I. How to set up a group if you have never done so before!

A covenant group makes an agreement, or covenant, to come together, be accountable to each other in a grace-filled way, and to do the shared work of the group (which may include doing the readings, helping to lead a discussion, bringing some needed resources, or helping with setup). A facilitator may take initial responsibilities for gathering and structuring the group’s opening meetings, but their primary task is to step back, once these things are done, to allow the group’s members to take responsibility for its ongoing needs and to contribute their insights and ideas over time.

If you’ve led groups before, you may not need to read the following section—or it may offer ideas you will want to re-consider or learn anew.

If this is new to you, perhaps some of these ideas will help you in your tasks. LDA Board members are also willing to help: write us at with questions or ideas!

Notes to assist new covenant group facilitators:  

  • People like food. Plan a fun, easy, tasty snack or light meal (soup/bread), always keeping dietary needs cheerfully in mind.
  • Send out postcards, or emails, then follow up with phone calls, to invite them to the first gathering. Confirm two days ahead.
  • Let the first gathering be an open conversation in which you suggest what you have in mind, then listen.
    • When can people come? What are their interests? Some of the topics here can serve as foci, or you may discover others.
    • Have someone (not you) serve as scribe, so you can listen, not write. Provide large paper and markers in advance.
  • If you will need to book a meeting room in advance, have that information when you meet (i.e., call the person who does that).
  • Get the newcomers’ list from your congregation’s staff assistant or parish ministry coordinator. Reach out to them in particular.
  • Have a few formats in mind and discuss them all (the three we offer here might be a starting point, or figure out your own!)
  • Once you have a working plan, check it out with others in your congregation (whoever does the calendar, books rooms, etc.)
    • Is it feasible? Are there issues you haven’t foreseen? (listen and work positively, don’t grouse, about them).
    • Have others tried things like this before? How did they work? Find out and see if you need to build on those experiences.
  • For your first meeting, have handouts, Bibles, other books (concordances, study guides, the books you’ll be studying) on hand.
    • Ask everyone to bring their own Bibles, notepaper, folders, study books (if you’re having them buy them) to each class
    • Have a few (2-3) on hand for those who forget/can’t go home after work, etc. so everyone can read and contribute.
  • Ask different members to contribute light snacks/food; have another member coordinate this so you aren’t doing it as well!
  • Always remind a group 2/3 into the process that they’ll be ending soon, and ask what they want to be sure to cover before then.
  • Be willing to re-set timing and priorities if there are clear reasons for doing so; if one or two folks have issues, work them out.
  • Be sure to clear and clean any space, tables, floors, white/blackboards, or other room areas you use before you leave.
    • Ask someone else to coordinate this, ask people to each move their own chair back if needed, etc. Don’t do it all yourself.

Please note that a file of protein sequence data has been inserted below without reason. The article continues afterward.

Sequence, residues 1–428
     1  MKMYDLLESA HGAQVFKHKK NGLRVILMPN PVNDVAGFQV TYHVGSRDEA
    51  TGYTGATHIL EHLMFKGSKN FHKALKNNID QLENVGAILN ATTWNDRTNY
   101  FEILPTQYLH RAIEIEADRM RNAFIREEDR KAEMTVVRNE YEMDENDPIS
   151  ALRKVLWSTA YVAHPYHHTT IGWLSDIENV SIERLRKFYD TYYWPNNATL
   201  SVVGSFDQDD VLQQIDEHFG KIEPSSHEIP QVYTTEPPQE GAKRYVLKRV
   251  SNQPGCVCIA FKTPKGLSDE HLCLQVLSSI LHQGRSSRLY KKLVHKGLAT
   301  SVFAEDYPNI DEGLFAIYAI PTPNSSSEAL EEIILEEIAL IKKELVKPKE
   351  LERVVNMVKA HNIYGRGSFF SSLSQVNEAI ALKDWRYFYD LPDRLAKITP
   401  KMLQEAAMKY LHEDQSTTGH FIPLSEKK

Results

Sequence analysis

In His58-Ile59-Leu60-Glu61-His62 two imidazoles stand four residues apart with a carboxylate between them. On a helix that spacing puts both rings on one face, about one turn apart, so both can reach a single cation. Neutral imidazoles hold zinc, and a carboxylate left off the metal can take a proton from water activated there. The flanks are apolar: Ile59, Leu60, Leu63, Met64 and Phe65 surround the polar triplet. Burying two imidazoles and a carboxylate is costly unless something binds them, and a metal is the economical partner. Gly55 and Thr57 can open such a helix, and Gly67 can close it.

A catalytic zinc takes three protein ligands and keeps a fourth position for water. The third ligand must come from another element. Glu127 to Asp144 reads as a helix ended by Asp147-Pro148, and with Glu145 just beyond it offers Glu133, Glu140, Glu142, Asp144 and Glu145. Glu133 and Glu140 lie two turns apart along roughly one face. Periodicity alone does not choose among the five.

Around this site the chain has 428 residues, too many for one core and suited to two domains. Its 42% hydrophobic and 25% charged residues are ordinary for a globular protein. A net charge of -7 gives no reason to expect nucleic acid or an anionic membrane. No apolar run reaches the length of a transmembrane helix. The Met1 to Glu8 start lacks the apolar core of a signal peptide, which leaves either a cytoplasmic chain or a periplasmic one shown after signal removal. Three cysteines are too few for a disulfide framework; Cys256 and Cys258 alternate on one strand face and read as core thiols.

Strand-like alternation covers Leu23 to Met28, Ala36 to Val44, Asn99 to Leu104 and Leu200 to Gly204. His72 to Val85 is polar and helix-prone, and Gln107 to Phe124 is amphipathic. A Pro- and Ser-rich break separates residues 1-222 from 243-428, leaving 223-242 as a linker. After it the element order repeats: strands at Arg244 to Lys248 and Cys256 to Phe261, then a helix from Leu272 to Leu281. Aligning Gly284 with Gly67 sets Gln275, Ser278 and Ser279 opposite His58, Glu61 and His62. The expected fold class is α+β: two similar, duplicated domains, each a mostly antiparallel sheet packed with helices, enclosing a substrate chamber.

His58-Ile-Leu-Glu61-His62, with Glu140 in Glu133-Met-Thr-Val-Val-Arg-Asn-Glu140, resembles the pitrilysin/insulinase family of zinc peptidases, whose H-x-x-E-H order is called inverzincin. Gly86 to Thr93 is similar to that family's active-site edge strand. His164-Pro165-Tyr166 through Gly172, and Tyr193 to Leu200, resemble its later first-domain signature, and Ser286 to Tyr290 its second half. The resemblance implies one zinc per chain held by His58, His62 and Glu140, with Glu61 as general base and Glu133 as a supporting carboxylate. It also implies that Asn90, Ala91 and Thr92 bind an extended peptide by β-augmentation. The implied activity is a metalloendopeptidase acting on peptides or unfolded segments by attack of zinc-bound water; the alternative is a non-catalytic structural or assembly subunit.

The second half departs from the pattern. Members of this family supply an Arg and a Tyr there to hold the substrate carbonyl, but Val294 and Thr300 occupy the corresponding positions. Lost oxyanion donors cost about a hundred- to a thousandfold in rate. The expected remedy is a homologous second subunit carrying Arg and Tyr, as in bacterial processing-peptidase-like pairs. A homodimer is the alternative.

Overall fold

• Before the last meeting, do an evaluative summary of hopes, dreams, intentions, and findings.
    • What have you each learned? How will you behave/think/act differently as a result of these conversations?
    • Do you want to repeat this for others? Would the group like to work together again, using the same or another format?
  • Report your findings/plans to your parish ministry coordinator, congregational minister, or staff liaison: seek their input, too!

Each group study option is explained on its respective page: explore them all, then decide!

A: Sabbath/Sunday in the Arts and Worship: Church Building and Private Prayer Based on Scripture Study and the Arts: This structure is suggested for those who wish to bring people together who want to explore Sabbath principles and practices further, using the arts in their discussions and expressions of experience. It suggests ways in which to organize and set up groups, with a fair degree of flexibility in some dimensions.

B: Bible Study Groups: Sabbath/Sunday in the Decalogue, Community Building, and Social Justice Concerns: This offering is subdivided into two separate series.

You may study connections among the Ten Commandments and the central significance of Sabbath/Sunday observance (Commandment 3 or 4 in various traditions), or follow Sunday themes with a focus on Bible Study techniques, including the use of a Concordance, how to do word studies, and the comparison and contrast of concepts.

C: Great Books Approach to Sabbath/Sunday: Personal Formation and Spiritual Growth: This structure is for those interested in a small group book study centered on Sabbath/Sunday thinking and practice.  The purpose of the study group is to expand the number of individuals who have a greater knowledge of the Biblical concepts of the gift of the Sabbath and to affirm a corporate and personal commitment to the benefits of regular practice of Sabbath/Sunday observance in their contemporary lives.

These offerings include summaries of insights discussed in the Lord’s Day Alliance 2009 Sabbath Symposium; the 2014 Emery conference; the 2016 Boston Conference (link to Globe article, already on website) and the 2019 BU conference on “The Decalogue, Sabbath, Freedom, and the Roots of W. Jurisprudence.”